Partners in care
Partners in care
Partners in care
Drew Wall wants other kids to have the chances he’s had. Since 2008, he’s been getting cancer treatment at the University of Iowa, where he and his family have met doctors, nurses, and other staff who mix world-class expertise with a down-to-earth attitude.
“The people at Iowa are like your neighbors,” says the 15-year-old Cedar Rapids native. “They couldn’t be nicer, but they’re also really magnificent at what they do.”
Wall’s experience has made him a vocal advocate for UI Health Care programs like the Children’s Hospital and the Holden Comprehensive Cancer Center. Part of his message: Anyone and everyone can help find cures and comfort families.
Wall is one of many UI patients who are determined to give something back, whether that means sharing their stories, volunteering, or donating funds to support research and clinical care.
When a pain in Wall’s lower-right leg wouldn’t go away, his parents brought him to the UI Children’s Hospital. Doctors discovered bone cancer and advised the Wall family that invasive surgery would render Drew’s leg virtually useless. Amputating the leg at the knee might help him maintain an active life.
Drew Wall, who will be a sophomore next year, plays golf for the Kennedy High School golf team.
Today, Wall is fully accustomed to his prosthetic leg, playing golf for Kennedy High School. He continues to fight his disease—he’s had a series of surgeries to remove cancerous cells from his lungs, and has participated in a trial of a new cancer drug.
“One great thing about Iowa is the collaboration between all of Drew’s doctors,” says Robin Wall, Drew’s mother. “They all work together, whether they’re in the Children’s Hospital, the Holden Cancer Center, or services that usually treat adults. They’ve been able to offer us new ideas and options.”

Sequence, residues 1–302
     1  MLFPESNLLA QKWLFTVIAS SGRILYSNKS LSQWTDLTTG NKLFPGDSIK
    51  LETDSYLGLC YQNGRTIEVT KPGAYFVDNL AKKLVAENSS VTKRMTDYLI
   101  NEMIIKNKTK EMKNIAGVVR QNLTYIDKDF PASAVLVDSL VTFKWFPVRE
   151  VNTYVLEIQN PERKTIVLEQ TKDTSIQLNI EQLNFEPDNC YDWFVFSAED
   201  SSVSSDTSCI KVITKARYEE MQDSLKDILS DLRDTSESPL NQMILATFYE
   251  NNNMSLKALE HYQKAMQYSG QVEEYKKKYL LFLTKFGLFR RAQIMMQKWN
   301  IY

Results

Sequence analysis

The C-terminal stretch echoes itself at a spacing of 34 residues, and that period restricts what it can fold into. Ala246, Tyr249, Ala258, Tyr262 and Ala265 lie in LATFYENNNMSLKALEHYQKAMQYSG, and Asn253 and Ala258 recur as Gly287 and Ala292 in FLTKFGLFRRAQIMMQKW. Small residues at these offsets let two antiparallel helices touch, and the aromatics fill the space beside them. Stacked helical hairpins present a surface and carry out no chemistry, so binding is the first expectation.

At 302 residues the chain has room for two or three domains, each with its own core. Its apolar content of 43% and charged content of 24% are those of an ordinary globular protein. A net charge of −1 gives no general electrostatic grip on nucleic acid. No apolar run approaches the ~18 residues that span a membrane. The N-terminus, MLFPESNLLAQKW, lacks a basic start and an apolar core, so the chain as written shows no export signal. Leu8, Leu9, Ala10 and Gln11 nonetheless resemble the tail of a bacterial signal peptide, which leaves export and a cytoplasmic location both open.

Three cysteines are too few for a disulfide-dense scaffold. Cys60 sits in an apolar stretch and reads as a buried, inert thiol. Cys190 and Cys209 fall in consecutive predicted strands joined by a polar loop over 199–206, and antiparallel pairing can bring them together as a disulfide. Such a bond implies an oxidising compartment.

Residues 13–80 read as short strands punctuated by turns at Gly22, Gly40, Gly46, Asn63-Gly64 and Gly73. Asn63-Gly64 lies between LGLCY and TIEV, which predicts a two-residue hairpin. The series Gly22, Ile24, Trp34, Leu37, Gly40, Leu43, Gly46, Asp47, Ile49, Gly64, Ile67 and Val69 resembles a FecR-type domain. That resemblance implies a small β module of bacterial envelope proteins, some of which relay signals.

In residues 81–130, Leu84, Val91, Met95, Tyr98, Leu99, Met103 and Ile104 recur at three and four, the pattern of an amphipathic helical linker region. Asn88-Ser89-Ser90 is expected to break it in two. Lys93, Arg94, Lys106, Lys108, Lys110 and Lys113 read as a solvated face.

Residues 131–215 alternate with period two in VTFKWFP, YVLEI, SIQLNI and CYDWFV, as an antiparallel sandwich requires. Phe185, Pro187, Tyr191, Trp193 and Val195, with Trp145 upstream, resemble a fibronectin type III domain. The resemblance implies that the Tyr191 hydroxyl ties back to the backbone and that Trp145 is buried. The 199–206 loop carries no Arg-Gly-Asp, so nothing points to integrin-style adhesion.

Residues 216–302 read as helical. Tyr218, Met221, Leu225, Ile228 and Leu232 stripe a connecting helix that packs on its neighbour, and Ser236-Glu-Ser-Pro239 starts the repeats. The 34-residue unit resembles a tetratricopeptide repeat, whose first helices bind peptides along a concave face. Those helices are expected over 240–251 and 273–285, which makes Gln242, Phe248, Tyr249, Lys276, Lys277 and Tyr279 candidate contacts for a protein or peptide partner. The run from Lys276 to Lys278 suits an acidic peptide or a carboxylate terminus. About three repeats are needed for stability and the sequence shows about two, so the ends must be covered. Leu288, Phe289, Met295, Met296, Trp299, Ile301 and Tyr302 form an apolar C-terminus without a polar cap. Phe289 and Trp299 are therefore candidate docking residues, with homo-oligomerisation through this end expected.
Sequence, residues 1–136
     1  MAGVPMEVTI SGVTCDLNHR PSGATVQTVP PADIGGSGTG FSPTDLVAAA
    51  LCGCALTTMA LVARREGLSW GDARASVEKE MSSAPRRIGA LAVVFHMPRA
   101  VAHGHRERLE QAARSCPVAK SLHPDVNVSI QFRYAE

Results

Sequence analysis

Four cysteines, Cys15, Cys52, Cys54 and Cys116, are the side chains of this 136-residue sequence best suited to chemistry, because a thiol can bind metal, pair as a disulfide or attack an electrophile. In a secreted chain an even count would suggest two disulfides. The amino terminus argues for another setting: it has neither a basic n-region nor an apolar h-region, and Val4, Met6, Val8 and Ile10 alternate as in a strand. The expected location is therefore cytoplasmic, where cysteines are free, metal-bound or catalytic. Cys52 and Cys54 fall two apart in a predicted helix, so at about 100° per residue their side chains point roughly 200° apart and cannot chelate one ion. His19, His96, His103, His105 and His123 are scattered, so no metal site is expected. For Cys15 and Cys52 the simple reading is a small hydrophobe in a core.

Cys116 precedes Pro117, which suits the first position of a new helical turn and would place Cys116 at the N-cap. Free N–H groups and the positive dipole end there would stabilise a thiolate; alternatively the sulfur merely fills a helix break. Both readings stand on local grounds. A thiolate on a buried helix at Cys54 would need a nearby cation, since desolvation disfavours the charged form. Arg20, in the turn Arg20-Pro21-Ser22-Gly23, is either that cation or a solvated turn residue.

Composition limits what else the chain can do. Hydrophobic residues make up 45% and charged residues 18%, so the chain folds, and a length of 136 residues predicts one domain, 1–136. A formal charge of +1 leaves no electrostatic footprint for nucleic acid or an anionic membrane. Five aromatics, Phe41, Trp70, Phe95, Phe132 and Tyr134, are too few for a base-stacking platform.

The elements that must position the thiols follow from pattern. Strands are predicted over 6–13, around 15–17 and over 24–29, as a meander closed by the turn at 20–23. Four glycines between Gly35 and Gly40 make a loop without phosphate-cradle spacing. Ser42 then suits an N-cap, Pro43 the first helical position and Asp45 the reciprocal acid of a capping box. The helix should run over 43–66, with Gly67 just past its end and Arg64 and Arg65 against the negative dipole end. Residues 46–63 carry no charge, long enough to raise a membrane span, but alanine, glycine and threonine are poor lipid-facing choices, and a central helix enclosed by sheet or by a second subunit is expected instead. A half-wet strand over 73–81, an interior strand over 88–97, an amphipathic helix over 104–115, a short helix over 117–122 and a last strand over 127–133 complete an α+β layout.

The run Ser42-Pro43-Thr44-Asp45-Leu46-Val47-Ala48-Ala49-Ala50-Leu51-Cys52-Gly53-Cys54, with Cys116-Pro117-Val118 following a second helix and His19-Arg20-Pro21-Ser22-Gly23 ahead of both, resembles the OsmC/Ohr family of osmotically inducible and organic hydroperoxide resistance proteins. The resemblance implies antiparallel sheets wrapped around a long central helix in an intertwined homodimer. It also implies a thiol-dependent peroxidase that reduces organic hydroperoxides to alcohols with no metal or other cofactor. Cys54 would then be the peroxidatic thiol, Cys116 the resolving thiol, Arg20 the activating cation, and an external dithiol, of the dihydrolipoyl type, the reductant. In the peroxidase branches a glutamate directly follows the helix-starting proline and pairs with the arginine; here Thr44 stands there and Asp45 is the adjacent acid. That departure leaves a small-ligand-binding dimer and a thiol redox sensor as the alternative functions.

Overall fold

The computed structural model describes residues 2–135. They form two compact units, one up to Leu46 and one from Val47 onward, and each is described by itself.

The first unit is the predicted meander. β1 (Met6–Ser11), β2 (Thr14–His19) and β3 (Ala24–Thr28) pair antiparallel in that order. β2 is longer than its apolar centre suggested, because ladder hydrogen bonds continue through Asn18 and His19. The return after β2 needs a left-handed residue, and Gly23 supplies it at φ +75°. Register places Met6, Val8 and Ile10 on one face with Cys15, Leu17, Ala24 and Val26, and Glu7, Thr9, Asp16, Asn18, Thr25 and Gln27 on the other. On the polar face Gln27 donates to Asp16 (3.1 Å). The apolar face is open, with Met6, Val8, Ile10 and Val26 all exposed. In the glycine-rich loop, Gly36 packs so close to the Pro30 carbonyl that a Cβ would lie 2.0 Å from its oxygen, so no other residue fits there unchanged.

In turn, Drew Wall serves on an advisory council planning a new UI Children’s Hospital facility. He’s also a frequent speaker at fund-raising events.
“I tell people to just donate,” he says, “whether it’s to the Children’s Hospital, Dance Marathon, Children’s Miracle Network, the American Cancer Society, or any other group fighting this disease.”
A measured approach
Programs that foster donations from grateful patients are common at hospitals large and small, among them the Mayo Clinic, Cleveland Clinic, Johns Hopkins, Ohio State, Vanderbilt, and Duke.
“These initiatives are best practice in the fund-raising field,” says Jackie Lewis, vice president for health sciences development at the UI Foundation.
UI Foundation and UI Health Care fund-raising programs respect and protect patients’ privacy, closely following regulations established by the federal Health Insurance Portability and Accountability Act, or HIPAA.
In many cases, patients themselves initiate gifts, but the university and the foundation also point out opportunities to give. Letters about the Caring Fund, which builds general-purpose support for the university’s hospitals and clinics, are sent to a broad spectrum of UI patients without regard to area of care or treatment and require no access to private health records.
UI alumna and UI Foundation board member Sue Beckwith recalls checking into a hotel before receiving medical treatment at another highly regarded institution. Waiting in her room was a letter asking her to consider a donation.
“Iowa is much more modest,” she says. “I think the university is actually somewhat late in looking at these programs because we’ve wanted to take extra care to be sensitive and to do them right.”